Kent Fredric > Paludis-ResumeState-Serialization-0.01000409 > Paludis::ResumeState::Serialization::Grammar

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Module Version: 0.01000409   Source   Latest Release: Paludis-ResumeState-Serialization-0.01000410

NAME ^

Paludis::ResumeState::Serialization::Grammar - A Regexp::Grammars grammar for parsing Paludis Resume-states

VERSION ^

version 0.01000409

METHODS ^

grammar

    my $grammar = Paludis::ResumeState::Serialization::Grammar::grammar();
    if( $data =~ $grammar ){
        do_stuff_with(\%/);
    }

Returns a grammar regular expression object formed with Regexp::Grammars.

To tune the data it provides, localise "$CLASS_CALLBACK" and "$LIST_CALLBACK".

CLASS VARIABLES ^

The following variables may be localised and assigned to subs as callbacks to tune how the regular expressions grammar works.

$CLASS_CALLBACK

    local $Paludis::ResumeState::Serialization::Grammar::CLASS_CALLBACK = sub {
        my ( $name, $parameters, $parameters_list, $extra ) = @_;
        return { whatever }
    };

This callback is called every time a parse completes a 'class' entry, allowing you to filter it however you want.

WARNING Regexp::Grammars states that during the traversal of a grammar, you really should avoid calling anything that itself uses regular expressions, as it could be broken, or interfere with the grammars parsing.

This includes Moose due to it using Regular Expressions for type-constraints.

If you need an advanced processing, its recommended to do just enough to identify the instance later, and then pass over the data and do the powerful magic after the grammar has run its course.

$name

Is the name of the class we most recently discovered.

$parameters

Is a hash-ref of all the classes parameters, treated as a key-value set.

    Foo(key=value;bar=baz;quux=doo;);

Thus produces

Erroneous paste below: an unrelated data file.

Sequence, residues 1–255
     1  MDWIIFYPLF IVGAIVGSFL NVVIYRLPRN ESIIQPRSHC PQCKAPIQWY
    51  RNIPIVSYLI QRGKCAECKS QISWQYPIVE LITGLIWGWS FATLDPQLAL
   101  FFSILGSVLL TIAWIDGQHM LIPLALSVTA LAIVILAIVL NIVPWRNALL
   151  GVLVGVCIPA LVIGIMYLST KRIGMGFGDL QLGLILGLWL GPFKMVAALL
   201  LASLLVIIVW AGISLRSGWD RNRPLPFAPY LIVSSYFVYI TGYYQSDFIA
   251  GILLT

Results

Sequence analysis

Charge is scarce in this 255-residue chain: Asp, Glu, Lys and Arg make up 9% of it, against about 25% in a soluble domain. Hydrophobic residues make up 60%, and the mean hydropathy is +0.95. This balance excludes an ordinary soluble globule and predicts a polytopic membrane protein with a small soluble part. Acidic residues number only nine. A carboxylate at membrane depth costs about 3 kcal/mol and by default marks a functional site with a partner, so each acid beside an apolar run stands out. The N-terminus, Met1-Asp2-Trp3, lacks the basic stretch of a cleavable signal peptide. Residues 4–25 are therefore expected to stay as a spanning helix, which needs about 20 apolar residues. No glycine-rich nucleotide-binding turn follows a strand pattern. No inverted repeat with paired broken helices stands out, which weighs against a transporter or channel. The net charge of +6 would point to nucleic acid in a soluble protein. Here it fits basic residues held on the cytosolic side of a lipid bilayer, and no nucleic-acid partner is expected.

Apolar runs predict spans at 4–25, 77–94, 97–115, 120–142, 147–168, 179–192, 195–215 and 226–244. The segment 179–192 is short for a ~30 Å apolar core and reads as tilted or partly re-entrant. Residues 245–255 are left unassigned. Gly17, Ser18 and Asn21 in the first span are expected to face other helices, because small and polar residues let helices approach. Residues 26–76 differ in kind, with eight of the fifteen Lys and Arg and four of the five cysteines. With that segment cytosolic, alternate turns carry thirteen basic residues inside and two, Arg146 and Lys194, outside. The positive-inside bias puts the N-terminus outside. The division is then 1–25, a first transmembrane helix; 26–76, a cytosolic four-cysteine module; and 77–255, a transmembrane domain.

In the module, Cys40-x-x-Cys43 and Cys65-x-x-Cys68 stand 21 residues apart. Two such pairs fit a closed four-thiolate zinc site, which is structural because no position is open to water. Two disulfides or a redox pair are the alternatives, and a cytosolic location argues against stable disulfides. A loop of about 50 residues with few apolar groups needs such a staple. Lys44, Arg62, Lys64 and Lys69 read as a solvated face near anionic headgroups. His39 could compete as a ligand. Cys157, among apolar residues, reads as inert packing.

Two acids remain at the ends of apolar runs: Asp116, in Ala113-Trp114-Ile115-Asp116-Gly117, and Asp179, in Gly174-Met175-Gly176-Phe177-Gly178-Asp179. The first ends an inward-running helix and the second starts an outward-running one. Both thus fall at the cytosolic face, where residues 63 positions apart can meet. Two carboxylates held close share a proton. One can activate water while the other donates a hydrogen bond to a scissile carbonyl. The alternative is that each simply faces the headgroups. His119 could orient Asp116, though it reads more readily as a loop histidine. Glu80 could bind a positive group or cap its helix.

{ bar => 'baz', key => 'value', quux => 'doo' }

$parameters_list

Similar to $parameters, but optimised to preserve ordering and preserve format.

    [ ['key', 'value' ], [ 'bar' , 'baz' ], ['quux', 'doo' ] ]

$extras

Periodically, the parser may return a few extra bits of data that don't fall under the usual classifications. At present, its only the pid property of the ResumeData object, i.e.:

    ResumeData@1234(foo=bar;);

Will arrive as

    $code->('ResumeData', { foo  => 'bar' }, [['foo','bar']], { pid => '1234' });

$LIST_CALLBACK

    local $Paludis::ResumeState::Serialization::Grammar::LIST_CALLBACK = sub {
        my ( $parameters ) = @_;
        return { whatever }
    };

Paludis resume files have a special case class which behaves like a list:

    Foo(bar=c(1=baz;2=quux;3=doo;count=3;););

We detect this intent and pass it to $LIST_CALLBACK as an array.

    $code->(['baz','quux','doo' ]);

AUTHOR ^

Kent Fredric <kentnl@cpan.org>

COPYRIGHT AND LICENSE ^

This software is copyright (c) 2011 by Kent Fredric <kentnl@cpan.org>.

This is free software; you can redistribute it and/or modify it under the same terms as the Perl 5 programming language system itself.

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